Removing a casualty from water

The quick assessment and rescue of a casualty who is in difficulty in water provides them with the best chance of survival. But while it is important to get a casualty to the edge quickly and safely, the methods used to remove them can often cause time delays and sometimes further injuries to the casualty and/or the rescuer if not performed correctly.

In the heat of the moment and the panic to extract a person who has drowned, injuries can often be caused due to quick pulling on the casualty's arms, or by the rescuer tripping and injuring them self.

image of lifeguard with casualty in the water while another lifeguard kneels next to the pool placing a spineboard in the waterIn many Aquatic Safety Courses, techniques such as Drag, Shoulder Carry, Piggy Back and Stirrup Lift can be effective for conscious casualties when in environments such as rivers, lakes, ocean or pools, but when dealing with unconscious casualties the assisted lift is more effective but not necessarily the most efficient in a swimming pool environment.

Most public pools, especially in Western Australia, have a spine board for the removal of casualties who have a suspected spinal injury in water. While lifeguards are trained to use these for spinal injuries they are also trained to use them for quick extraction of casualties with improved efficiency and effectiveness than the Assisted (Tea Bag) Lift.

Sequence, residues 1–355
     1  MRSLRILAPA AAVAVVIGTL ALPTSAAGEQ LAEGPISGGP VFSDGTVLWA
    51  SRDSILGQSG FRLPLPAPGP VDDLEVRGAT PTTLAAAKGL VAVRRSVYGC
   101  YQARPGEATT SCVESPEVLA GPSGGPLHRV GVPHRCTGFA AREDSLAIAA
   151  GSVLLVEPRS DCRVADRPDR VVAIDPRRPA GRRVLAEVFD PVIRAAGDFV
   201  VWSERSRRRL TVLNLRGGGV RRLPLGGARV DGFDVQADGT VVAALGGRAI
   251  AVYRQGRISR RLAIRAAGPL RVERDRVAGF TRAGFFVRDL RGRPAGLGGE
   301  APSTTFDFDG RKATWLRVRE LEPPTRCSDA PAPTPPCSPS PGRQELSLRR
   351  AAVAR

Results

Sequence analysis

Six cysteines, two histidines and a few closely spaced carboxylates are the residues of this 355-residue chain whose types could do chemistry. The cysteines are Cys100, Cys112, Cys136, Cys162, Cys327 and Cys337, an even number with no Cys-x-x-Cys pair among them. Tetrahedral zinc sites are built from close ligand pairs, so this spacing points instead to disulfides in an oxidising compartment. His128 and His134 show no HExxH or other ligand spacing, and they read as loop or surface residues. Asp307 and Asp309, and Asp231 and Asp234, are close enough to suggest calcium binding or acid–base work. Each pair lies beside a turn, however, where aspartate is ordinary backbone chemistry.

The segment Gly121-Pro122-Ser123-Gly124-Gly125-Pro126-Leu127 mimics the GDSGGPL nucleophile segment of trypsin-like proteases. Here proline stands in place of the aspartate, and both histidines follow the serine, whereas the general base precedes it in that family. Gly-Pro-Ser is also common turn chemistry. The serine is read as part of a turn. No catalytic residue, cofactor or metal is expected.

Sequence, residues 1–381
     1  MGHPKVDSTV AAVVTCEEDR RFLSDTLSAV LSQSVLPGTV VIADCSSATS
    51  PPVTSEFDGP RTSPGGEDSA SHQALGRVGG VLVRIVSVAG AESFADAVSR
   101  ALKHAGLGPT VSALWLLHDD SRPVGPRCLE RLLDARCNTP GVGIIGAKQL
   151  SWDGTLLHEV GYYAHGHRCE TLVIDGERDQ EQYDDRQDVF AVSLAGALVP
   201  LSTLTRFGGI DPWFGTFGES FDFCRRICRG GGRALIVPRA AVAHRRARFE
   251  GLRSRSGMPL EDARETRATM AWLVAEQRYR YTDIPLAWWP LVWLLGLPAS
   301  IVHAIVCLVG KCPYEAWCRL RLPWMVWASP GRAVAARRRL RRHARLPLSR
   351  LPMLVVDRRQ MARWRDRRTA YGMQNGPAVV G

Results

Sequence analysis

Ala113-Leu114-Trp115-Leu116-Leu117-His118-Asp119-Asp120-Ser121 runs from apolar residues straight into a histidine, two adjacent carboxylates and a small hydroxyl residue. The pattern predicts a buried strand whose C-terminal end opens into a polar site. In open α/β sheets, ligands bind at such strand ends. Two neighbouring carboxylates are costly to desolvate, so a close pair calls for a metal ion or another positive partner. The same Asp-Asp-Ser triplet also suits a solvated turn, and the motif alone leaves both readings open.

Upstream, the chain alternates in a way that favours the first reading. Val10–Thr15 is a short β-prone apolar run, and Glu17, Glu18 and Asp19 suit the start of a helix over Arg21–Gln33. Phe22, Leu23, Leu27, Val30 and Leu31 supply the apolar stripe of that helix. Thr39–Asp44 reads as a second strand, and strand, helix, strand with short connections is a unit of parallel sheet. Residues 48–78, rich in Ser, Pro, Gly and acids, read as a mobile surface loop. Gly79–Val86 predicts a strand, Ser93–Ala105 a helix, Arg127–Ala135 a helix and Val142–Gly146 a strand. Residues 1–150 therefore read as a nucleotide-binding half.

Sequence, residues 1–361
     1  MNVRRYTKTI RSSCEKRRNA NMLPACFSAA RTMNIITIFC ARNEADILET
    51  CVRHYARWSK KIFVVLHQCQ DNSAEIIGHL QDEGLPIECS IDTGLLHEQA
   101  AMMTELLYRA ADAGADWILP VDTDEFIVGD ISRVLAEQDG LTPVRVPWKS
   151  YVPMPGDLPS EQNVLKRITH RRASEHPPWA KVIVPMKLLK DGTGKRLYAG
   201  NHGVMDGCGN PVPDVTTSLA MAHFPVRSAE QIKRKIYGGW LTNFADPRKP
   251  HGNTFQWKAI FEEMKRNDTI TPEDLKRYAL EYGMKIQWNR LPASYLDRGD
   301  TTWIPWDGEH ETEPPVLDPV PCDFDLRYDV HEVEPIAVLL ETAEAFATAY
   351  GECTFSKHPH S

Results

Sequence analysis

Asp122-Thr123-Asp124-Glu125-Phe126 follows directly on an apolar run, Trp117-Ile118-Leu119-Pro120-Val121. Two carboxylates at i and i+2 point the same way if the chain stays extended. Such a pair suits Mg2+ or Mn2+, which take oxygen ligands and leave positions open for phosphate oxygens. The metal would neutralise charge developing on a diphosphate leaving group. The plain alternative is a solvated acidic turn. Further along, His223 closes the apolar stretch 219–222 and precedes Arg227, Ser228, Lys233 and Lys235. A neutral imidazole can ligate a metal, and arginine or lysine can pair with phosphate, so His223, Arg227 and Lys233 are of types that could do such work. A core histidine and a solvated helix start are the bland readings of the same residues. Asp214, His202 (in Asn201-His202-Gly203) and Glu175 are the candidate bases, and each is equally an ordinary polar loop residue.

By placing the board in a vertical position against the pool wall, the casualty can be placed on the spine board either facing forward or on their back and can be easily pulled from the water in a matter of seconds. Use of the board provides less manual handling issues for the rescuer, and increases the safety to the casualty who may be heavy or difficult to remove from the water.

Due to its simplicity, the removal of a casualty using a spine board in the pool environment is something that can be easily replicated with minimal training.

This video below demonstrates the removal of a casualty from the deep end of a pool in a forward facing position. This technique can be performed with only 2 rescuers.

 

Lifeguards working at a swimming pool

Pool Lifeguard

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Four young persons at the swimming pool with lifesaving equipment

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Learn how to become a qualified lifesaver. This training will enhance your personal survival skills while providing you with the knowledge and skills to develop the level of judgement, technique and physical ability required to safely carry out water rescues.

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